Echolocation is a process in which sound waves and echoes are used to determine where various objects are in a given space. Bats use echolocation to navigate and find food when it is dark outside. Bats produce soundwaves out of their mouths or noses. These sound waves hit nearby objects and bounce back to the bat as echoes. Bats listen to these echoes to determine where things are, how big they are, and the general shape of the item. Using echolocation, bats can find insects that are tiny, like mosquitoes. Bats love to eat mosquitoes!
Let’s play a game to understand how bats use echolocation
Explain that bats do not use their sense of sight to locate food. Ask the children what senses they think bats use. Discuss the concept of echolocation and tell them that they will play a game where they will pretend that they are bats looking for food.
Instruct children stand in a circle. Choose one child to be the bat and another to be a moth (to make the game easier, you can select two children to be moths at the same time). The children that remain standing in the circle are the trees. Tell the bat and moths that they must keep their eyes closed at all times during the game. The bat relies on its hearing to find the moth. The moth also has adapted to hear the high-pitched sounds emitted during echolocation, so they will also rely on their hearing to escape.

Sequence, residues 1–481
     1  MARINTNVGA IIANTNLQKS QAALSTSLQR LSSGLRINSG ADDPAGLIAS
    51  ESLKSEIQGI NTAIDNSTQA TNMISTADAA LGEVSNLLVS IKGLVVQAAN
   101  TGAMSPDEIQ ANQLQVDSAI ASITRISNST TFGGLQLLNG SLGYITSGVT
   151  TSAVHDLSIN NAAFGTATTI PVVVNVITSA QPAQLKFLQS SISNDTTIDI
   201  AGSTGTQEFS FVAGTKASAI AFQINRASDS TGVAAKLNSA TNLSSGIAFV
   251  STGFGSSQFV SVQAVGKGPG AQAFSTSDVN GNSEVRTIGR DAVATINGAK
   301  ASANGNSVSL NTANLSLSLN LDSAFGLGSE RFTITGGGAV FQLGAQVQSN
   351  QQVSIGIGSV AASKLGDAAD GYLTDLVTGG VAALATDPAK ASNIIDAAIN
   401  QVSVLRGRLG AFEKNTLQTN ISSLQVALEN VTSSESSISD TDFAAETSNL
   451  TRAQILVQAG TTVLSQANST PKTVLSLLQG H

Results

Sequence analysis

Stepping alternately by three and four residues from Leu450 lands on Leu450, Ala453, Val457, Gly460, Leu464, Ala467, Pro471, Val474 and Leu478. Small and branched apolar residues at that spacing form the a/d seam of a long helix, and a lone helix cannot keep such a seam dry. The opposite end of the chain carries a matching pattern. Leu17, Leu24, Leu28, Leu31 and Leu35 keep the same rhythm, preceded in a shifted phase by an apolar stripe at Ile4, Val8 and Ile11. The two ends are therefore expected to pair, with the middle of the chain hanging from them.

Explain the rules of the game: Both the bat and the moth must remain on their hands and knees. Everyone in the circle must be quiet. The bat tries to catch the moth. If the bat calls out “bat”, the moth must answer “moth.” If the bat gets close to the edge of the circle and bumps into the trees the trees can say “trees.” When the moth is touched by the bat, the round is over.
Have the bat and moth standing. The bat claps once to represent the echolocation sound being emitted. The moth must clap twice to show the sound has bounce off the moth. The bat must track down the moth by walking around the circle trying to touch the moth. The moth must try and evade capture. The trees keep the bat and moth contained by holding their arms out to prevent escaping the circle. The round is over once the moth is touched.
Play for several rounds to give all of the children a chance to be in the middle of the circle. After the game ask the children the following questions:
- What senses did the bats use during the game?
- Was it easier for the bats to locate the moths when the moths were saying “moth”/clapping?
- How was this similar to what real bats do in nature?